Many children enter the U.S foster system each day, and most of those children spend way to many days away from their normal life. The children do not get to choose life in the foster system. Only the lucky children have the chance to leave the system or they get placed in a good home. The unlucky have to live a broken, cruel, abusive, and unloved life. The system to be changed to make sure every child has a stable and loving home.
“During the 1990’s, the nation’s prison population increased by 50 percent, the number of children who had a parent in prison increased by the same proportion, from 1 million to 1.5 million children, these children represent 2 percent of all minor children in America” (Travis & Waul, 2003, p. 3). Overall, imprisonment places an indescribable burden on the relationships between parents and their children. Incarcerated parents must learn how to cope with the loss of normal contact with their children, infrequent visits in inhospitable surroundings, and lost opportunities to contribute to their children’s development. The children must come to terms with the harsh reality of an absent parent, and the stigma of parental imprisonment, as well as the altered support of the family system that may include grandparents, foster care, or a new adult in the home. Children whose parents have been arrested and incarcerated face unique difficulties.
(That's more than the population of Philadelphia.) The National Coalition for the Homeless defines homeless youth as individuals under the age of 18 who lack parental, foster, or institutional care. One out of every 3 homeless people is under the age of 18. Approximately half of all runaways were physically abused before fleeing home. The majority of homeless and runaway youth are between the ages of 15 and 17, however three out of 100 runaways are under the age of 10, and 11 out of 100 are between the ages of 11 and 13.
Out of these numbers 2,472 living in emergency shelter funded by the Ma Department of Transitional Assistance. Most of the families are single mothers. These families include 4,413 children and Youth. Of these 2,379 were less than six years old. Reaching its shelter capacity DTA has to place families in motels for periods ranging from a couple weeks to a couple months (McCormick Center for Social Policy, 2000).
The Office of National Statistics, interviewed parents, teachers, and children themselves, and found that many suffer from emotional problems such as depression, anxiety and aggression. Statistics show that over a 3 year period, children whose parents were split up were 4.53 more likely to develop emotional problems than those whose parents were still in one household, and were 2.87 times more likely to demonstrate the start of behavioral disorders. Edmondson, Brad/Waldrop, Judith “Single Parents Statistics” American Demographics, Dec93, Vol. 15 Issue 12, p36, 2p, 2 Charts, 1 Graph. Per the US Census Bureau single parents consist of “other families” which are households of unmarried couples.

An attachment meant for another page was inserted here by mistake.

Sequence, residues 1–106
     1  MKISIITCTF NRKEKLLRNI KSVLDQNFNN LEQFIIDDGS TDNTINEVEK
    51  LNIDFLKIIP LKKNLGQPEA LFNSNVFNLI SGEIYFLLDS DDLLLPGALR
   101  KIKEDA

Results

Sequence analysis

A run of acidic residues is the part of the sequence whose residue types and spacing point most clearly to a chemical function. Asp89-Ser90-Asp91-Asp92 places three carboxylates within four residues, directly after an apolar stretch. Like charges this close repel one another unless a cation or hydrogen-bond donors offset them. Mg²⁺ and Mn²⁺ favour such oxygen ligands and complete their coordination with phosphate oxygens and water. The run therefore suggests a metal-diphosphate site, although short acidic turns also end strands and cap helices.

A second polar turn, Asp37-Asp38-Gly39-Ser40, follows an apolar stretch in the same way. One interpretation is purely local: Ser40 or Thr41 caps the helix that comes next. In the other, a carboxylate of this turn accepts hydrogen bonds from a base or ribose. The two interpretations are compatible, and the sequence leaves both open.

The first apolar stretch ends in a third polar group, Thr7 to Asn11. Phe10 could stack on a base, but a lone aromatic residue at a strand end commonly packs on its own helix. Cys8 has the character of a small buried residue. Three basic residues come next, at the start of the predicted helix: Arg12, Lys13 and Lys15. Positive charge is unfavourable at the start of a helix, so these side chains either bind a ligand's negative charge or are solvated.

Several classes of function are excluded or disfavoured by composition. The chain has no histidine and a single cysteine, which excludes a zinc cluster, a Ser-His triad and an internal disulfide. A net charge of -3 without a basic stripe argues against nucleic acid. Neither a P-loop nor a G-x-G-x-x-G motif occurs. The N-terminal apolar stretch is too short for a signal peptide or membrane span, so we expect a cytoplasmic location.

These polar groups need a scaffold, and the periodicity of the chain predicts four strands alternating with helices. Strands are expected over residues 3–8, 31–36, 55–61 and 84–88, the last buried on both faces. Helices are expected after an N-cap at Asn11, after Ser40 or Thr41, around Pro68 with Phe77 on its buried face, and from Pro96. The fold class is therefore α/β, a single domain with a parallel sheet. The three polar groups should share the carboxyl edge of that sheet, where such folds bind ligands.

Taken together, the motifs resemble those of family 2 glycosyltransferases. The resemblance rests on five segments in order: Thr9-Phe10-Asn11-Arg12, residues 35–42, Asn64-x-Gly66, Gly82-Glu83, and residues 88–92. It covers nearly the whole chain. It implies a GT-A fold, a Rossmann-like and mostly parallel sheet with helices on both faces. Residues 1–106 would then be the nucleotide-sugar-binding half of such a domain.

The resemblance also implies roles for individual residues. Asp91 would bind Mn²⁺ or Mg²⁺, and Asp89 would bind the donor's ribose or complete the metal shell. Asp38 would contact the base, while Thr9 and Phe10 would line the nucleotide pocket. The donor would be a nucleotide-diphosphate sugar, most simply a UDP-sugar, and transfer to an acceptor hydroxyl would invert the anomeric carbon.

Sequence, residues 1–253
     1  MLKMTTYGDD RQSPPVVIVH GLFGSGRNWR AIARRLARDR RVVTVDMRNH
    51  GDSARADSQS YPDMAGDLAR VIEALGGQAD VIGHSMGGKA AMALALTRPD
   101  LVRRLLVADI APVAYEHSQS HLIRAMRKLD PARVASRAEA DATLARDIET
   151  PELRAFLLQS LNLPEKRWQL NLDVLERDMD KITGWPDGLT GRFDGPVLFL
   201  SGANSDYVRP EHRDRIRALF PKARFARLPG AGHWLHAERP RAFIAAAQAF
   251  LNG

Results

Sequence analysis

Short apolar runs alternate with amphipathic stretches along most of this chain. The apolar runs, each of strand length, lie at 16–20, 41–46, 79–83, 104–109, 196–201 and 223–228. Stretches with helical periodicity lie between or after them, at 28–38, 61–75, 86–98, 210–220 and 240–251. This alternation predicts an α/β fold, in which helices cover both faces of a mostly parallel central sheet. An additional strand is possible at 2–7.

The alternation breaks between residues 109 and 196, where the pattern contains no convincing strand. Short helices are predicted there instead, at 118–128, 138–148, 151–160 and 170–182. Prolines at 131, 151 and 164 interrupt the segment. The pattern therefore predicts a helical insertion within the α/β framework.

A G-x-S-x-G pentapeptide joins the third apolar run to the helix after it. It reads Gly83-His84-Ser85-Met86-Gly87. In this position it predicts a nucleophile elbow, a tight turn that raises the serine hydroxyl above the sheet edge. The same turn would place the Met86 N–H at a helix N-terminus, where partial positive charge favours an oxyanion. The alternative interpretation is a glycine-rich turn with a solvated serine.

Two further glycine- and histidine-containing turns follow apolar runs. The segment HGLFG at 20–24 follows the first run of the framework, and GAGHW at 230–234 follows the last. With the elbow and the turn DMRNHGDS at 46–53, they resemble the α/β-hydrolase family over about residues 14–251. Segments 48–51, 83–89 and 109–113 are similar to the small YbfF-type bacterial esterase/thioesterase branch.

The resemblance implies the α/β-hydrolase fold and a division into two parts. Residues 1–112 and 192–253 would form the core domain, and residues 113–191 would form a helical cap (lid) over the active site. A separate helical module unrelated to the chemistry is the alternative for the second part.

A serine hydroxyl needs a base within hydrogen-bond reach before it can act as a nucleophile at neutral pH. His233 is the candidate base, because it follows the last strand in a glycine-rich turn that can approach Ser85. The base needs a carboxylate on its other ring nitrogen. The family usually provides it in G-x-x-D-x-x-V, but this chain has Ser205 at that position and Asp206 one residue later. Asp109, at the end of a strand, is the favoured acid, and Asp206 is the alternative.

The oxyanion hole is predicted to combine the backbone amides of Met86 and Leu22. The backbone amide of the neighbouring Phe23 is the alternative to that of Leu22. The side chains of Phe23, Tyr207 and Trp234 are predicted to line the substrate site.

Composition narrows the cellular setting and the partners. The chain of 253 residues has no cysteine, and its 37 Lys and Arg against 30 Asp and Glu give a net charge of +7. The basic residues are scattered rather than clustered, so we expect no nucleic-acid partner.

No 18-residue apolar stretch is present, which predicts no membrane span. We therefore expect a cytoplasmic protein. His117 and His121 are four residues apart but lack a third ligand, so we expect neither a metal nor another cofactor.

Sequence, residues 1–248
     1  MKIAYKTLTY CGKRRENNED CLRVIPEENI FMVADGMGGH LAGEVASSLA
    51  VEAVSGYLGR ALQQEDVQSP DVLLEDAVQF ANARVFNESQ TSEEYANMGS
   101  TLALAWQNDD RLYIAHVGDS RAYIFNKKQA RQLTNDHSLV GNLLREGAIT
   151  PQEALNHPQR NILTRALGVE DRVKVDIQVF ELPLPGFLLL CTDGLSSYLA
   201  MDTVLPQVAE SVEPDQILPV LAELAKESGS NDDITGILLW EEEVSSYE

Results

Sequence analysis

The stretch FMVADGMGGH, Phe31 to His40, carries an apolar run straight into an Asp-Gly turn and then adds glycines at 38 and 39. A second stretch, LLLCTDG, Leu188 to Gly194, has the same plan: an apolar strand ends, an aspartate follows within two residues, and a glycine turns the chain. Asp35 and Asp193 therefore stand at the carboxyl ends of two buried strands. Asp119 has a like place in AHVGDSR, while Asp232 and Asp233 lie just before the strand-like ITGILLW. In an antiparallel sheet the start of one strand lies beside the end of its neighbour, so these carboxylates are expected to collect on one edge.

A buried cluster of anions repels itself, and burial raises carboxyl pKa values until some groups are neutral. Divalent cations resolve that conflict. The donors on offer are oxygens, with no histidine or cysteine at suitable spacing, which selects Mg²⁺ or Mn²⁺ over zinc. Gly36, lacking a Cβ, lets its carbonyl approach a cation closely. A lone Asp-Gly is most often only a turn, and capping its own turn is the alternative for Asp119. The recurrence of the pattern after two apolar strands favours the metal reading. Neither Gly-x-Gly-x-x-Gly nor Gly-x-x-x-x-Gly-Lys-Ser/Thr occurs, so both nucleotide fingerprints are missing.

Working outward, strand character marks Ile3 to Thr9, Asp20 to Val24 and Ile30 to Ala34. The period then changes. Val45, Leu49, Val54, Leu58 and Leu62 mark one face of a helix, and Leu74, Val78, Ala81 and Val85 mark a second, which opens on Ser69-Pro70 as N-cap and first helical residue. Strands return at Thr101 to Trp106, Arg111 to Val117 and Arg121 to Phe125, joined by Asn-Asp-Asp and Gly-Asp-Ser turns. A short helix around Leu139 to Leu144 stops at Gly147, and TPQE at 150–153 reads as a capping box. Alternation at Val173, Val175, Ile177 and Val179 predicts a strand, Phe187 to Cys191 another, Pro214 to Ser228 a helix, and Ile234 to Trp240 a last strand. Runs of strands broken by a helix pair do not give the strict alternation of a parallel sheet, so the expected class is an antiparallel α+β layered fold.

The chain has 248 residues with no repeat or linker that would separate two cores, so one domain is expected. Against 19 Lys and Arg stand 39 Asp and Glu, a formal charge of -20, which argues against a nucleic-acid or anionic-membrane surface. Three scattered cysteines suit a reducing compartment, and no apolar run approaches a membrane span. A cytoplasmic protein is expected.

By 2006 two and a quarter million people were incarcerated in state, and federal prisons and local jails. Most of those people were incarcerated parents. There are about two million parents who are expected to return to their families each year (Foster, et al., 2009). There are about three million children
This information can be found on the Child Welfare Information Gateway at their website www.childwelfare.gov. In the year 2009 it was estimated that more than 800,000 children had been confirmed as abuse or neglect victims in the United States (The State Library of Kansas, 2009). It is also estimated that one in every four girls and one in every seven boys are subject to sexual abuse before they see their 18th birthday (The State Library of Kansas, 2009). The most common form of child abuse is neglect. Children under the age of 7 made up 56% of these cases (Beddoe, 2011).
The justice system needs to adopt new rehabilitation strategies to make sure prisoners can reintegrate into society. In an article by Jeremy Coylewright he states that in the year 2002 over 600,000 inmates were released from the state and federal prisons. This averages out to be about 1,600 people a day! These numbers are very disappointing when you compare them to the recidivism rate. About half of the criminals released were previously incarcerated at least once and about two thirds of those released are expected to be rearrested for another felony within three years of their release date.
In the United States a majority of foster children come from the poorest families and communities. “For children ages 4 and under, counties with the highest concentrations of poverty had more than triple the rate of child-abuse fatalities compared to counties with the lowest concentrations of poverty” (Reuters 1). This statistic is startling and disheartening, children that are living in a more impoverished situation have a more likely chance to go through something so rough. If there is a way to support families in poor neighborhoods and get them out of the desolate pattern of getting stuck in poverty than that number would drop drastically. WIC, a supplemental food program for women, infants and children, is helping people of these communities but there is more that can be done, they provide supplemental food to pregnant women and children under five years (Social Safety Net 1).
1). A staggering 50 to 90 percent of youth in California juvenile detention facilities suffer mental illness. A study on these youth concluded approximately 2,000 are jailed daily due to lack of community resources (National Center for Youth Law, 2015). One answer to this crisis was the development of juvenile mental health courts. Juvenile mental health courts concentrate on treatment instead of punishment.